Original Article

Lipids

, Volume 44, Issue 4, pp 297-309

First online:

Carbohydrate Restriction has a More Favorable Impact on the Metabolic Syndrome than a Low Fat Diet

  • Jeff S. VolekAffiliated withDepartment of Kinesiology, University of ConnecticutDepartment of Nutritional Science, University of Connecticut Email author 
  • , Stephen D. PhinneyAffiliated withSchool of Medicine, University of California, Davis
  • , Cassandra E. ForsytheAffiliated withDepartment of Kinesiology, University of Connecticut
  • , Erin E. QuannAffiliated withDepartment of Kinesiology, University of Connecticut
  • , Richard J. WoodAffiliated withDepartment of Kinesiology, University of Connecticut
  • , Michael J. PuglisiAffiliated withDepartment of Kinesiology, University of Connecticut
  • , William J. KraemerAffiliated withDepartment of Kinesiology, University of Connecticut
  • , Doug M. BibusAffiliated withLipid Technologies, LLCUniversity of Minnesota
  • , Maria Luz FernandezAffiliated withSchool of Medicine, University of California, Davis
    • , Richard D. FeinmanAffiliated withDepartment of Biochemistry, SUNY Downstate Medical Center

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Abstract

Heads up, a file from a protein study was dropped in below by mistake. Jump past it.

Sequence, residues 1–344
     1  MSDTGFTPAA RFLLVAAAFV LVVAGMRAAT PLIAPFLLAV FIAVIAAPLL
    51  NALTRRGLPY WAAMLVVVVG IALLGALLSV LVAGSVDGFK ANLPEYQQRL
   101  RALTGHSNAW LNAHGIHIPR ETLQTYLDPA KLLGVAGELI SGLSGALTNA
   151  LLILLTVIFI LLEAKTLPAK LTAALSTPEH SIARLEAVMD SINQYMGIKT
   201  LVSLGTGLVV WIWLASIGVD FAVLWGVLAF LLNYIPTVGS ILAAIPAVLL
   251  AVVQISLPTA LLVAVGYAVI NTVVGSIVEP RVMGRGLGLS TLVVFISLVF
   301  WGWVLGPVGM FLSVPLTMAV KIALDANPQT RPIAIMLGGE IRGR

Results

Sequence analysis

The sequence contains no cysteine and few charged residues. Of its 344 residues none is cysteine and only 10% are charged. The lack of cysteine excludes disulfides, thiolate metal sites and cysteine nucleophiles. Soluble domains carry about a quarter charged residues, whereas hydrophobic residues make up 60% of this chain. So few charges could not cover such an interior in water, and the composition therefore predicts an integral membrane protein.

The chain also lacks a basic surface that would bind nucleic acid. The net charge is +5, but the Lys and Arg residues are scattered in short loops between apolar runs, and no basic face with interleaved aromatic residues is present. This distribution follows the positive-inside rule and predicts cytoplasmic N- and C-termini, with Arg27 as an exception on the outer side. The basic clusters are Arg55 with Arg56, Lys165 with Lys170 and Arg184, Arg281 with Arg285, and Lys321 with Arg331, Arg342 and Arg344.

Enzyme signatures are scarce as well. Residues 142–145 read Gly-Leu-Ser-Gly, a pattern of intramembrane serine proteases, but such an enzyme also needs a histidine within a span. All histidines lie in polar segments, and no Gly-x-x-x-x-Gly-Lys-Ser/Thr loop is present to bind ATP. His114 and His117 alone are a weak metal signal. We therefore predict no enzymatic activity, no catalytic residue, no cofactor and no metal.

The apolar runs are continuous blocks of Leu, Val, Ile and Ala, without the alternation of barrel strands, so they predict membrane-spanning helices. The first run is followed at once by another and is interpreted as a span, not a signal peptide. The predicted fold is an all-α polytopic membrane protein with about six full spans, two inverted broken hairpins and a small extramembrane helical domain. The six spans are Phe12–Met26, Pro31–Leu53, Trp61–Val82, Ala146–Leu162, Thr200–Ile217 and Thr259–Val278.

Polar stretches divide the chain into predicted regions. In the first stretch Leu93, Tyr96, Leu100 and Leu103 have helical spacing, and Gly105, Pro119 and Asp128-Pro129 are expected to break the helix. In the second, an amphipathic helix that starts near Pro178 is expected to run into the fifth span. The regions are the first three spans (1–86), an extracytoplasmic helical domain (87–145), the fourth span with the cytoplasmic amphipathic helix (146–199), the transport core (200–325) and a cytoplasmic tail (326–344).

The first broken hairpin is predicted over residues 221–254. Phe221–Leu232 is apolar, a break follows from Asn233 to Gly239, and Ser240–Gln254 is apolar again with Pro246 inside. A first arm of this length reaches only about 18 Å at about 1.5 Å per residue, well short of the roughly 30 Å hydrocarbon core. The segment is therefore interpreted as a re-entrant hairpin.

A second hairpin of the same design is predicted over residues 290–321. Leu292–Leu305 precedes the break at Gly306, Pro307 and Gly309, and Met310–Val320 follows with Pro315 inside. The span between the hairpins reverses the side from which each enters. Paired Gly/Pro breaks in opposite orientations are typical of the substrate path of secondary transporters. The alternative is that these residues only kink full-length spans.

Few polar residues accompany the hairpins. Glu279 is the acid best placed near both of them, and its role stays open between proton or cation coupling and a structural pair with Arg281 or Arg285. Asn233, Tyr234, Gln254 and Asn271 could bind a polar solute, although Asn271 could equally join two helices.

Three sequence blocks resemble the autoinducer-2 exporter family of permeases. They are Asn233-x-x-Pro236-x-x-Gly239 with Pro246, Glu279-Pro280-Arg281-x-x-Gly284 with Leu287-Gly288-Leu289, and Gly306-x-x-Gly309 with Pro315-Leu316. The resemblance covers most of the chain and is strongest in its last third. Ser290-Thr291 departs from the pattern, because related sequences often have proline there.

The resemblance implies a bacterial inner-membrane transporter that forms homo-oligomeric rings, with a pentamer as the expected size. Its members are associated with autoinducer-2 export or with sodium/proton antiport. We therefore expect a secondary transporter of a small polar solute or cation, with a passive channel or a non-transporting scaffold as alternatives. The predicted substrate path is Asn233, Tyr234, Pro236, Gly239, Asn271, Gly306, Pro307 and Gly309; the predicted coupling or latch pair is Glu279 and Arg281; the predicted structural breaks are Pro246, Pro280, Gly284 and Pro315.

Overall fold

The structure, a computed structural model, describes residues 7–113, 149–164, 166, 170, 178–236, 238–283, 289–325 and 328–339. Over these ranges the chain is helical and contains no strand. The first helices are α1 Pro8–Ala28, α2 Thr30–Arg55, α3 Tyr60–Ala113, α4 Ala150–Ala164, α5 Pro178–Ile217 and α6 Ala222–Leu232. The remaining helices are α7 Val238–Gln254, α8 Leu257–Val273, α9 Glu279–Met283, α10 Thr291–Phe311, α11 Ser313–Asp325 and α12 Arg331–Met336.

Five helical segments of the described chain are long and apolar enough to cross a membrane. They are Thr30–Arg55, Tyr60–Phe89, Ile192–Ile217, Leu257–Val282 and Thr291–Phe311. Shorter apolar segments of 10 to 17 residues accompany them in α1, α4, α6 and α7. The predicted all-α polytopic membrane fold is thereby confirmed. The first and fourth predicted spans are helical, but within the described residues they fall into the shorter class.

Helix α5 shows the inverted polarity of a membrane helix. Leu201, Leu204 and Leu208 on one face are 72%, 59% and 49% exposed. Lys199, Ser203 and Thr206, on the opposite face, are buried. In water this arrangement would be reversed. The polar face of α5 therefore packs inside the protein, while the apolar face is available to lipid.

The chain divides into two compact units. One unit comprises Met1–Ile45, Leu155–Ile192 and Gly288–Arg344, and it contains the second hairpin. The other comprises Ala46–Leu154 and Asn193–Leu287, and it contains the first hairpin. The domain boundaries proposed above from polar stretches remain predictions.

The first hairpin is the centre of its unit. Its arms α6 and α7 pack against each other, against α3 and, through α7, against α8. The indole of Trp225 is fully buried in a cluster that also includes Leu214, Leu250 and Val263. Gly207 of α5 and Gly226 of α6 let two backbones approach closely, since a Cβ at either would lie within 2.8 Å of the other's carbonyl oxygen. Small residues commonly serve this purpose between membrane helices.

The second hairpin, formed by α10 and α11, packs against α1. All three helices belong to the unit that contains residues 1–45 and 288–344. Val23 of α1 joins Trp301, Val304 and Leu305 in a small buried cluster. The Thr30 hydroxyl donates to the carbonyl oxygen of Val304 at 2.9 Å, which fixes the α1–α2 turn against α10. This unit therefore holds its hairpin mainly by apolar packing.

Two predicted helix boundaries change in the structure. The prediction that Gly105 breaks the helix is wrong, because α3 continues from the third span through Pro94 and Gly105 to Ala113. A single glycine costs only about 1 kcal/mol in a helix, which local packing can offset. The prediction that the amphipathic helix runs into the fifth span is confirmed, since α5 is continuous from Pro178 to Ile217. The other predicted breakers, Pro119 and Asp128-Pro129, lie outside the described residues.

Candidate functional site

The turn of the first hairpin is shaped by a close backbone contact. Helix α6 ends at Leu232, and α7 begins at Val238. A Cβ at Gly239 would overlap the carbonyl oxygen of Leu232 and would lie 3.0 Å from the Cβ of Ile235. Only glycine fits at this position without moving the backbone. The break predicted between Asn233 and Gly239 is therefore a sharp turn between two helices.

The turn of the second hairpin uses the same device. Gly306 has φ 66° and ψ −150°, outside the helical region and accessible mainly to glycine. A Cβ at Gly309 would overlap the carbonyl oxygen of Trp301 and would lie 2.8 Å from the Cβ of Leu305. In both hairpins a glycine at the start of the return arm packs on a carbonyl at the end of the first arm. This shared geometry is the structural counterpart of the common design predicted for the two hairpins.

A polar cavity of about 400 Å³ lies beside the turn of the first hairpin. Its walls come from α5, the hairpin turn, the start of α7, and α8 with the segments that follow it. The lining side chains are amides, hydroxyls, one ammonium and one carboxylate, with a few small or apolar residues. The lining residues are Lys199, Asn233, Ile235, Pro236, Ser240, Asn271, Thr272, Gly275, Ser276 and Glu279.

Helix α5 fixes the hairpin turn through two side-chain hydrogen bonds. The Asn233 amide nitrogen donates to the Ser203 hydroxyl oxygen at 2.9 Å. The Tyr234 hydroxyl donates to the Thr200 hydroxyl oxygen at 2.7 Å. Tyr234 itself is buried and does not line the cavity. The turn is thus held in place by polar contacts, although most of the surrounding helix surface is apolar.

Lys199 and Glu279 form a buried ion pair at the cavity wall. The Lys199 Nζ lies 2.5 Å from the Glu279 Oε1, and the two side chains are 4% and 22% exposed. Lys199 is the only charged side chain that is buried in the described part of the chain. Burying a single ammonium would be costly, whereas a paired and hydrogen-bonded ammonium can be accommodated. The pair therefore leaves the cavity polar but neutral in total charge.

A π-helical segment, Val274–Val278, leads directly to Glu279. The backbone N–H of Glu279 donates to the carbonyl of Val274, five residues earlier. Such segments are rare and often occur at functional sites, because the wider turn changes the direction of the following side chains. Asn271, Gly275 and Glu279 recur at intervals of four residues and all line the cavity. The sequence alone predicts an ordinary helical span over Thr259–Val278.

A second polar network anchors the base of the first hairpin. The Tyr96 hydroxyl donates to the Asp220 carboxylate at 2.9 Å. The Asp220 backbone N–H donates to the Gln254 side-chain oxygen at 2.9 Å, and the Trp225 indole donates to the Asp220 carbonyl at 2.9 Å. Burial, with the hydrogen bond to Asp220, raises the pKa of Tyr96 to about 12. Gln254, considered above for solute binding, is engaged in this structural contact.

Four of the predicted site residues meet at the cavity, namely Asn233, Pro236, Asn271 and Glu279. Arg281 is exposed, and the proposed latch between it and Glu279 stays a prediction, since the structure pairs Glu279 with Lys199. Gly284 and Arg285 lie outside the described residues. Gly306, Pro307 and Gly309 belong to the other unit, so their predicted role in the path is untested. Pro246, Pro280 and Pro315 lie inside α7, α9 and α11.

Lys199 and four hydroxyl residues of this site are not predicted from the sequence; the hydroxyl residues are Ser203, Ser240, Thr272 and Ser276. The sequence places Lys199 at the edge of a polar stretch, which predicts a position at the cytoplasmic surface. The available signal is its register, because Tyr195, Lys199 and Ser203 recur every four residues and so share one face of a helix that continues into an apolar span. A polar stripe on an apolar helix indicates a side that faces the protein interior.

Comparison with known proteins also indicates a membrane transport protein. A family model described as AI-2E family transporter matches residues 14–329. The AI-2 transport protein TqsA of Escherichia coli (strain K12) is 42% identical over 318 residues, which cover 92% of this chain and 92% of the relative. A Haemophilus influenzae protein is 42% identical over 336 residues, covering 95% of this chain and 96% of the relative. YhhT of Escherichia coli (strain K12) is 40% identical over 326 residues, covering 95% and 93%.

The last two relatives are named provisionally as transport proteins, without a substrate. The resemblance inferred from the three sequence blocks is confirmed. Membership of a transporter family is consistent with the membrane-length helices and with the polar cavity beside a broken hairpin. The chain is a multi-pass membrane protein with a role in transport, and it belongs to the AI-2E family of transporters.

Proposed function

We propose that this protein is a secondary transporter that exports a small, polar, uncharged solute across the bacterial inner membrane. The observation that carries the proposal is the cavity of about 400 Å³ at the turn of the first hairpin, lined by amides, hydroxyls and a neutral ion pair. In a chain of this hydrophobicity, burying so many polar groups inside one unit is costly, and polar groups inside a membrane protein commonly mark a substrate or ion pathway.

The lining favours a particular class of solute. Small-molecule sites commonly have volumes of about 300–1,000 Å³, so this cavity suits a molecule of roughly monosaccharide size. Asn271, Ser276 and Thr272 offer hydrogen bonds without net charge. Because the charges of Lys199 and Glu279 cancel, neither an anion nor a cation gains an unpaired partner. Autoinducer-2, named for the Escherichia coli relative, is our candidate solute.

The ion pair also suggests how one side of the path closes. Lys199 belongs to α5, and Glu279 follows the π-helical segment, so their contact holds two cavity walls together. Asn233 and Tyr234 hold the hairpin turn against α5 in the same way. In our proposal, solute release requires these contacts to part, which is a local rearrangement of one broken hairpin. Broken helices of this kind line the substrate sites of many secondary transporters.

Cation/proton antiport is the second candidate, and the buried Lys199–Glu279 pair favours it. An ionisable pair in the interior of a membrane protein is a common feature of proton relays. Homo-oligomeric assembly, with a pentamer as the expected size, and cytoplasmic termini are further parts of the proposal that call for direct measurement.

We recently proposed that the biological markers improved by carbohydrate restriction were precisely those that define the metabolic syndrome (MetS), and that the common thread was regulation of insulin as a control element. We specifically tested the idea with a 12-week study comparing two hypocaloric diets (~1,500 kcal): a carbohydrate-restricted diet (CRD) (%carbohydrate:fat:protein = 12:59:28) and a low-fat diet (LFD) (56:24:20) in 40 subjects with atherogenic dyslipidemia. Both interventions led to improvements in several metabolic markers, but subjects following the CRD had consistently reduced glucose (−12%) and insulin (−50%) concentrations, insulin sensitivity (−55%), weight loss (−10%), decreased adiposity (−14%), and more favorable triacylglycerol (TAG) (−51%), HDL-C (13%) and total cholesterol/HDL-C ratio (−14%) responses. In addition to these markers for MetS, the CRD subjects showed more favorable responses to alternative indicators of cardiovascular risk: postprandial lipemia (−47%), the Apo B/Apo A-1 ratio (−16%), and LDL particle distribution. Despite a threefold higher intake of dietary saturated fat during the CRD, saturated fatty acids in TAG and cholesteryl ester were significantly decreased, as was palmitoleic acid (16:1n-7), an endogenous marker of lipogenesis, compared to subjects consuming the LFD. Serum retinol binding protein 4 has been linked to insulin-resistant states, and only the CRD decreased this marker (−20%). The findings provide support for unifying the disparate markers of MetS and for the proposed intimate connection with dietary carbohydrate. The results support the use of dietary carbohydrate restriction as an effective approach to improve features of MetS and cardiovascular risk.

Keywords

Metabolic syndrome HDL LDL Lipoprotein metabolism Plasma lipids Triglyceride metabolism Dietary fat Human